China’s government has banned from television men who do not appear very masculine.
The government told TV outlets Thursday that they should advance “revolutionary culture.” It is part of the Chinese government’s larger plan to tighten control over business and society and enforce official morality.
President Xi Jinping has called for a “national rejuvenation,” with more Communist Party control of business, education, culture and religion. Companies and the public are under increasing pressure to go along with the government’s plan for a powerful China and healthier society.
The party has already reduced children’s ability to go online to play video games. It is also advising against what it sees as an unhealthy attention to famous people.
TV outlets must put an end to effeminate men and other unusual “esthetics,” the National Radio and TV Administration said. It used an insulting term for effeminate men.
The government is concerned that Chinese pop stars are failing to push young men to be masculine. Pop stars are well-known singers of popular music. Some famous and well-dressed Korean and Japanese singers and actors have influenced many Chinese pop stars.
TV outlets should not show “vulgar” famous people or praise wealth and fame, the government said. Instead, programs should show “Chinese traditional culture, revolutionary culture and advanced socialist culture.”
Xi’s government is also tightening control over the Chinese internet industry.
It has started anti-monopoly, data security and other enforcement actions against companies like Tencent Holding and Alibaba Group. Tencent is a games and social media provider, and Alibaba is a large online shopping company. The communist party thinks they are too big and independent.
Rules that took effect last week limit children under 18 to three hours per week of online games. They are also banned from playing on school days.
Game makers were already required to get government approval for new games before they are released. Officials have called on them to have more pro-Chinese stories.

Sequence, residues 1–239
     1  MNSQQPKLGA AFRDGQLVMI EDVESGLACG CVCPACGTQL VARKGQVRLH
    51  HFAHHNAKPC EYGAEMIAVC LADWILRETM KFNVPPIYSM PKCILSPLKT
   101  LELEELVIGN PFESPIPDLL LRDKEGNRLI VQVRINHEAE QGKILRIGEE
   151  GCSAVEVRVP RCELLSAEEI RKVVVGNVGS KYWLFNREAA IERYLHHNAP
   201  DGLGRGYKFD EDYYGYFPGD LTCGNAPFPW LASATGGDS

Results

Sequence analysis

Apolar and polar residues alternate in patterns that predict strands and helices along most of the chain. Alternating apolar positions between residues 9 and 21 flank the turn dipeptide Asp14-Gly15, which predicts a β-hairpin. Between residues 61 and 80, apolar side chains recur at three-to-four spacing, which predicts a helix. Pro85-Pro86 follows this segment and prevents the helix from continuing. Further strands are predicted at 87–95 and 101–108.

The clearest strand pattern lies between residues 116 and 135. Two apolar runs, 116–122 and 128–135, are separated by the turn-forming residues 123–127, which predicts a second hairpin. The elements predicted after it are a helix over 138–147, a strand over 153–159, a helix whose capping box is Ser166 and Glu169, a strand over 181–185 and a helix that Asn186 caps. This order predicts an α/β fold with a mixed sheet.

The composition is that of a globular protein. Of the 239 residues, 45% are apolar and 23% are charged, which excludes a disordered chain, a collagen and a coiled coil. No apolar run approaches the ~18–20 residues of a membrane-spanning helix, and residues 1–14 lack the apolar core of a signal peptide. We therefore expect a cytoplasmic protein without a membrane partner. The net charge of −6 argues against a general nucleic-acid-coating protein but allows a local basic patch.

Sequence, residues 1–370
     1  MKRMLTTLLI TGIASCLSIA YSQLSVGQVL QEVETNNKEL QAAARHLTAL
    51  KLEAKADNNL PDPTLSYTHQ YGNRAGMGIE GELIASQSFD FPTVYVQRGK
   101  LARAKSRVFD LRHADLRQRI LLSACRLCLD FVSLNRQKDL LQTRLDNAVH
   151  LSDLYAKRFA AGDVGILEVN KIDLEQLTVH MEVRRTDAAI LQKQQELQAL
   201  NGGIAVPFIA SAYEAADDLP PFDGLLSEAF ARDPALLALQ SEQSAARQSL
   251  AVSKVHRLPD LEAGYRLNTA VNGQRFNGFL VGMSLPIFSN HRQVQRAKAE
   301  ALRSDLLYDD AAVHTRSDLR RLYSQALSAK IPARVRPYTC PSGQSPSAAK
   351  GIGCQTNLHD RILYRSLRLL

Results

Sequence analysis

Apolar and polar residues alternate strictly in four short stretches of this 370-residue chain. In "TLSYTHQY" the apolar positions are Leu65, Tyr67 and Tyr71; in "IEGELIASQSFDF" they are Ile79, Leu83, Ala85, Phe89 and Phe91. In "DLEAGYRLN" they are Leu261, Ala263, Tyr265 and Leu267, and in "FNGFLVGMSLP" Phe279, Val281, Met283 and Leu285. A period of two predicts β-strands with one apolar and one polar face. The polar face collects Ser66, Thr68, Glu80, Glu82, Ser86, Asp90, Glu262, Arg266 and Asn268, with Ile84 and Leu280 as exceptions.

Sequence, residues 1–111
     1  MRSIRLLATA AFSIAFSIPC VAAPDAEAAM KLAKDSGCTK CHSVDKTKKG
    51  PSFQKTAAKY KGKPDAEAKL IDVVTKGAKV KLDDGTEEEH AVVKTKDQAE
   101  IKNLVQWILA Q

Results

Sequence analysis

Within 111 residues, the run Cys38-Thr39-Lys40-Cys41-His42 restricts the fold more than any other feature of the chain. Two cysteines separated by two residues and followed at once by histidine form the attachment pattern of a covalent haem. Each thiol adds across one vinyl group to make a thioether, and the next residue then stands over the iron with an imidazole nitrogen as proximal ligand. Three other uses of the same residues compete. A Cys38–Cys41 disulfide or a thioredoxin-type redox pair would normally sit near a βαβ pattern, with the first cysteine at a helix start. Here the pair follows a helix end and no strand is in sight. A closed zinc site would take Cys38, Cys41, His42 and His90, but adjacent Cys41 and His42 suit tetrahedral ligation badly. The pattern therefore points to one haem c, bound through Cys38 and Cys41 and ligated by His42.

The party is also increasing control over celebrities.
Television outlets should avoid performers who “violate public order” or have “lost morality,” government officials said. Programs about the children of celebrities also are banned.
Last week, blogging site Weibo suspended thousands of accounts that examined the lives of celebrities or had too much entertainment information.
A well-known actress, Zhao Wei, has disappeared from popular entertainment. Her name has been removed from credits of movies and TV programs.
Thursday’s order told TV outlets to limit pay for performers. It also told them to avoid contracts that permit performers to pay less tax.
One actress, Zheng Shuang, was fined 299 million yuan (equal to $46 million) last week for under-paying taxes. It is believed that this was a warning to celebrities to behave as a model Chinese citizen.
I’m Dan Novak
Joe McDonald reported this story for The Associated Press. Dan Novak adapted it for VOA Learning English. Susan Shand was the editor.
Words in This Story
masculine— adj. of, relating to, or suited to men or boys
rejuvenate — v. to make (someone) feel or look young, healthy, or energetic again
effeminate — adj. having or showing qualities that are considered more suited to women than to men : not manly
esthetic — n. of or relating to art or beauty
vulgar — adj. not having or showing good manners, good taste, or politeness
monopoly — n. complete control of the entire supply of goods or of a service in a certain area or market